Mollies, male and female alike, are omnivores. In captivity, they love a balanced diet comprising animal and plant-based foods. You can also provide them with commercial fish feeds, like flakes, pellets, frozen food, and live foods (such as bloodworms, brine shrimp, and daphnia).
Aquarists encourage molly keepers to feed the fish twice daily in tiny portions that they can eat within two to three minutes. Avoid overfeeding mollies because they can develop health problems. The excess food can also affect the water quality.
Mollies thrive in aquariums that hold at least 20 gallons of water, but large species require a minimum tank size of 30 to 55 gallons. Ensure the tank feature plants, open swimming spaces, and plenty of hiding spot.
Molly fish are hardy species and can tolerate various water conditions. However, they prefer water with higher pH (7.5–8.5) and temperature (72–82°F). But ensure you maintain water quality to prevent a rise in ammonia, nitrite, and nitrate levels in the aquarium.
Male and female molies can resist a wide range of illnesses but are highly prone to molly disease (shimmies) and constipation.
Shimmies results from poor water quality and extreme temperature changes. The ailment prevents the molly from swimming properly in the tank. They often appear like they wiggle or shimmy in one location.
Constipation in fish often results from overeating. Besides these issues, molly fish can suffer from ich, fin rot, parasites, and bacterial infections. You can avoid all these problems by monitoring water parameters and staying on top of your pet’s eating habits.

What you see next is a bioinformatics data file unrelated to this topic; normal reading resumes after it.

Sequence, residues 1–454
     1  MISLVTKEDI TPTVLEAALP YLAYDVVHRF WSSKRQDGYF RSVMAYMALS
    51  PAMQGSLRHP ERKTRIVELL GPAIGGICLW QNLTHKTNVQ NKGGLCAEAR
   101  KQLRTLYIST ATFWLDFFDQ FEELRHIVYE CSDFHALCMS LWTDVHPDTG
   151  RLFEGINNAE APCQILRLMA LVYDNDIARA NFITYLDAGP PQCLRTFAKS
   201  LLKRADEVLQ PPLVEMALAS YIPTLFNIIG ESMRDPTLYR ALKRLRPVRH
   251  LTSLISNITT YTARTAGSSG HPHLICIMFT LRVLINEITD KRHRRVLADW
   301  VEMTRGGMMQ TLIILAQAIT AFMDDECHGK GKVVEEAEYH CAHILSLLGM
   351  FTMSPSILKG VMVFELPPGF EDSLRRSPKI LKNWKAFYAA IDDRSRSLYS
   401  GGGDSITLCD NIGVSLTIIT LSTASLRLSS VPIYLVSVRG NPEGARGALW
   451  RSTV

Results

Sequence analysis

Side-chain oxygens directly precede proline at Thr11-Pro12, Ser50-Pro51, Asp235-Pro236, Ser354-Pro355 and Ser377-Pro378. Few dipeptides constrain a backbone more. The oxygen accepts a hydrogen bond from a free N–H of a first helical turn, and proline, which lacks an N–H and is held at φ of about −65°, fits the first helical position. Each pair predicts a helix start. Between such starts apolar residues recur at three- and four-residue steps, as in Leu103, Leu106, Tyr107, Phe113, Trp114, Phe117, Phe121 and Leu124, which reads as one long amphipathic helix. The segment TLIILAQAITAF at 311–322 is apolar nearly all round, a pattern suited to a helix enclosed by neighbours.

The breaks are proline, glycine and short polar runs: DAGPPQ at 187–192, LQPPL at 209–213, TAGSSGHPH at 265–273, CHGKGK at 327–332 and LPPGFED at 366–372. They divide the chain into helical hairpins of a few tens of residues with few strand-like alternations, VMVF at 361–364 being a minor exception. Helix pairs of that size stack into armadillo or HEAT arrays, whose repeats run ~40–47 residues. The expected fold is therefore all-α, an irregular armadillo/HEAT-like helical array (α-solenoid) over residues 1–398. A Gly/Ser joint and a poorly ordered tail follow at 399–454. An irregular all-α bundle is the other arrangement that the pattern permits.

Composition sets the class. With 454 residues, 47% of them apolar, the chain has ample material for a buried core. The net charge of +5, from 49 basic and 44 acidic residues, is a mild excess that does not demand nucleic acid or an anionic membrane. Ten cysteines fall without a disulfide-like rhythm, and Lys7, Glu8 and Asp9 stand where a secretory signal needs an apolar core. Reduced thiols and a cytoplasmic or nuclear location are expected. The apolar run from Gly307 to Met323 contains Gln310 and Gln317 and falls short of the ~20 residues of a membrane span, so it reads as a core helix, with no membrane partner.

Mollies are active, fun, and fascinating aquarium fish. They come in a variety of colors, patterns, and sizes. However, males tend to have more vibrant and bold color schemes than females. They also have a larger dorsal fin that enhances their beauty and attracts females to mate.
Female mollies have bigger bodies and larger anal fins. Also, they develop a gravid spot when pregnant. Naturally, they are peaceful and co-exist with other females, unlike male mollies.
Understanding how to differentiate between male and female molly fish allows you to create a healthy and thriving aquarium environment for your pets. Furthermore, you can provide them with proper care.
We hope you can now tell mollies by their gender. And if you have any queries, inform us in the comment section below.